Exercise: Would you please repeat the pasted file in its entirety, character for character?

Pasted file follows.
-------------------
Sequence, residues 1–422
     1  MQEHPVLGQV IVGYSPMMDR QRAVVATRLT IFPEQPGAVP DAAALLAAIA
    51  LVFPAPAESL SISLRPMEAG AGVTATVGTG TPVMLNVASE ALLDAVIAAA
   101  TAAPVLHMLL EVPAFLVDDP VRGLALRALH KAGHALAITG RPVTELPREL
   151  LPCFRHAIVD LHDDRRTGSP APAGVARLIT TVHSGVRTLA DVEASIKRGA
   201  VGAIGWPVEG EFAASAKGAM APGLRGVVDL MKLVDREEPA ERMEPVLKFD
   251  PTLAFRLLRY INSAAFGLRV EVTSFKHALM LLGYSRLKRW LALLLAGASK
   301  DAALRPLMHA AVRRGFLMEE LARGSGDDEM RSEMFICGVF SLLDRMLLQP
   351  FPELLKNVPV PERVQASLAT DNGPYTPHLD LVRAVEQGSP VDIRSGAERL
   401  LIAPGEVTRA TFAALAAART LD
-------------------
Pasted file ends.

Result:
Sequence, residues 1–422
     1  MQEHPVLGQV IVGYSPMMDR QRAVVATRLT IFPEQPGAVP DAAALLAAIA
    51  LVFPAPAESL SISLRPMEAG AGVTATVGTG TPVMLNVASE ALLDAVIAAA
   101  TAAPVLHMLL EVPAFLVDDP VRGLALRALH KAGHALAITG RPVTELPREL
   151  LPCFRHAIVD LHDDRRTGSP APAGVARLIT TVHSGVRTLA DVEASIKRGA
   201  VGAIGWPVEG EFAASAKGAM APGLRGVVDL MKLVDREEPA ERMEPVLKFD
   251  PTLAFRLLRY INSAAFGLRV EVTSFKHALM LLGYSRLKRW LALLLAGASK
   301  DAALRPLMHA AVRRGFLMEE LARGSGDDEM RSEMFICGVF SLLDRMLLQP
   351  FPELLKNVPV PERVQASLAT DNGPYTPHLD LVRAVEQGSP VDIRSGAERL
   401  LIAPGEVTRA TFAALAAART LD